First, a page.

A source I spoke with familiar with the trust emphasized the community-based approach and criteria required for access to the low-cost Catch Share quotas:
For many, this approach has helped bring back a sense of optimism to the future of fishing off Cape Cod, but some still have reservations as to whether the trust can ever fully counterbalance the new reality of fishing in Cape Cod.
Despite an optimistic assessment for Gulf of Maine Cod in 2008, fisherman aren't seeing it in their nets. Quotas for cod haven't been filled in the region for a "number of years" says a source, and the optimism for cod professed in 2008 turned on its heels when the 2013 season was declared a "disaster."
What cod is left is pursued from large trawlers, based in bigger New England ports like Gloucester and New Bedford, able to venture further offshore -- though even then the cod is harder and harder to find.
But even if the halcyon days of cod fishing are done, access to community-driven solutions are vital to maintain a way of life through sustainable fishing. The small-boat, inshore fisherman of Cape Cod that once depended on groundfish began pursuing more plentiful species like starfish, moonfish, scallops and sea clams years ago.
The trust still holds Quotas for cod in order to leverage the power of local fisherman for the hopeful return of the cod, but most of the activity for leasing Quota Shares is for scallops and sea clams.
The sea clam is often considered the "poster child" for ITQ mismanagement. Sea clam was the first species in the U.S. to fall under an ICQ quota system in the late 90's, soon disappearing after large, vertically integrated commercial interests bought up the entire quota. What had been a traditional Cape Cod fishery was gone.
Fortunately, sea clams have now recovered, and the trust helps insure access to the sea clam fishery for local fisherman with a vested interest in its sustainable management.
A principal tenet of Cape Cod Fisheries Trust, beyond active on-the-ground support for Cape Cod fisherman, is to serve as a model for managing the nexus between evolving sustainable resource management and the survival of traditional fishing communities.
A March 2014 report from Oceana and RARE, entitled Sustainable Fisheries - Financing Strategies, explores how best to invest resources to sustain fisheries and fishing communities. Typically, the report states, fishery management and conservation has revolved around political advocacy, community engagement and media campaigns targeting “charismatic” species (North Atlantic cod, for instance) and threatened habitats.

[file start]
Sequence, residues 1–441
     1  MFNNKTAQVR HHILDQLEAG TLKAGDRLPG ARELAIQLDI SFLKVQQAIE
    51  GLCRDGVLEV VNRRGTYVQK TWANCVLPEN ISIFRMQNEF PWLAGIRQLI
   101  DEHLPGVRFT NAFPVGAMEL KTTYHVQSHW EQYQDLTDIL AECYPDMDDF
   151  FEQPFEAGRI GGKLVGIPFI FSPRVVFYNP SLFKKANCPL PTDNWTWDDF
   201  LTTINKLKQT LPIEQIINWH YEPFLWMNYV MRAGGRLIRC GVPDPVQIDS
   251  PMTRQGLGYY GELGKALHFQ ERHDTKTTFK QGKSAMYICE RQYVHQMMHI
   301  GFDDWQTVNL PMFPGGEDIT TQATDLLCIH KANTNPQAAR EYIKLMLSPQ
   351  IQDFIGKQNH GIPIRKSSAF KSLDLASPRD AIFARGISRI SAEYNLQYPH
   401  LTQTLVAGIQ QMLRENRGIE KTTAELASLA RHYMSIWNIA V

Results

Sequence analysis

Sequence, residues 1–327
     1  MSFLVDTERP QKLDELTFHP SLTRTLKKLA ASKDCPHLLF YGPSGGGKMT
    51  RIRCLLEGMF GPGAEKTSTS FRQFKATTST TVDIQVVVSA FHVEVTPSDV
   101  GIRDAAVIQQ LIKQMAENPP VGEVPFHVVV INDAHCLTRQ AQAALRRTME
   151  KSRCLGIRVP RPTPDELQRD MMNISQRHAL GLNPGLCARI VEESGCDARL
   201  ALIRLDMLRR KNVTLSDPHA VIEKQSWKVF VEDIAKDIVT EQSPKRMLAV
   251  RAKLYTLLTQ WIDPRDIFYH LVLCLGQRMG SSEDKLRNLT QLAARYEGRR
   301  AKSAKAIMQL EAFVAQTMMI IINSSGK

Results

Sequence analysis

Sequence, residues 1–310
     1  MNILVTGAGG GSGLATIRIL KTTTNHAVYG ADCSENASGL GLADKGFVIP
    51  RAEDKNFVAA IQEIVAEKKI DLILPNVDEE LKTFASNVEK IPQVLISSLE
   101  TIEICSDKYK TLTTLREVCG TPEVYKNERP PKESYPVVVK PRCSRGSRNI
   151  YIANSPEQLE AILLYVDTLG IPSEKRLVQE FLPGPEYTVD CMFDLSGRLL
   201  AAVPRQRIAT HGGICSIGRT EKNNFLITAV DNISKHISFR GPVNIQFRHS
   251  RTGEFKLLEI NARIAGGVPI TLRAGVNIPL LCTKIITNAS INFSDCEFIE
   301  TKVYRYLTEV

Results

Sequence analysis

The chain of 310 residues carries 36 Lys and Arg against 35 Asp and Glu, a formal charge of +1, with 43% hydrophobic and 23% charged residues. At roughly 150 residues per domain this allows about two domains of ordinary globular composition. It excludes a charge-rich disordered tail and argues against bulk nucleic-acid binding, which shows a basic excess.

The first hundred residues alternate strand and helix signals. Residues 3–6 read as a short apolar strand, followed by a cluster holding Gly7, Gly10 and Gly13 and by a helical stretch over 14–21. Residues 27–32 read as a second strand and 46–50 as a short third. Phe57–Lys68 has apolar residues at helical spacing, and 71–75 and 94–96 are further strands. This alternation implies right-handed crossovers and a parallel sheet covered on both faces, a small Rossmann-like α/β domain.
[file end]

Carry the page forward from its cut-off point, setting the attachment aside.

Investment funds like the Cape Cod Fisheries Trust, the growing “traceable fish” movement and community engagement like the Gloucester Fisherman’s Wives Association are examples of market-based incentives increasingly employed, in one form or another, around the globe.
While each of these methods are effective if properly managed in the right circumstances, the report suggests these initiatives are further enhanced with impact investing to attract, as stated in the report's executive summary “private, return-seeking capital to support sustainable fisheries management.”
The report outlines three principal components of sustainable fisheries management that drive such investment:
By unifying these three components, private investment can manage the complexities of fisheries restoration, price and supply chain volatility, and inadequate regulatory oversight.
The report identifies microfinance and SME (small to medium enterprise route-to-market), public/private partnerships and “Fisheries Impact” (providing investments directly for sustainable interventions) as three robust and effective investment models for sustainable fisheries management.
In the end, even impact or triple-bottom-line investing must be pragmatic. Effective vehicles such as those described here offer valuable return on investment while managing the inherent risk that has always been a part of fishing. Programs like the Cape Cod Fisheries Trust builds social cohesion and access to capital in communities beleaguered by endless quotas, declining fish populations and encroaching commercial interests.
In general, innovative strategies employed globally, yet addressing specific local needs, can accelerate the the impact of sustainable fisheries management.
The story of cod and small-boat fishing in America continues to evolve. But, until relatively recently, it has always been a story of resilience and abundance, of men and women taking to the sea and feeding a new world.
It is a romantic vision of the fiercely independent spirit that our mythology tells us built a nation. But too often that tradition of resilience and independence is overrun with globalization, industrialization, mismanagement and collapse -- of fisheries and fishing communities.
Through local community development, competent regulation and private impact investment, a new spirit of independence can emerge, built not on scraping the seas to desolation, but on flourishing communities put back in balance with the thriving fisheries the define them.
If we invest wisely, Cape Cod will always be a place to fish.
Image credit: "Rowing Home" by Winslow Homer, 1890
Tom is the founder, editor, and publisher of GlobalWarmingisReal.com and the TDS Environmental Media Network. He has been a contributor for Triple Pundit since 2007. Tom has also written for Slate, Earth911, the Pepsico Foundation, Cleantechnia, Planetsave, and many other sustainability-focused publications. He is a member of the Society of Environmental Journalists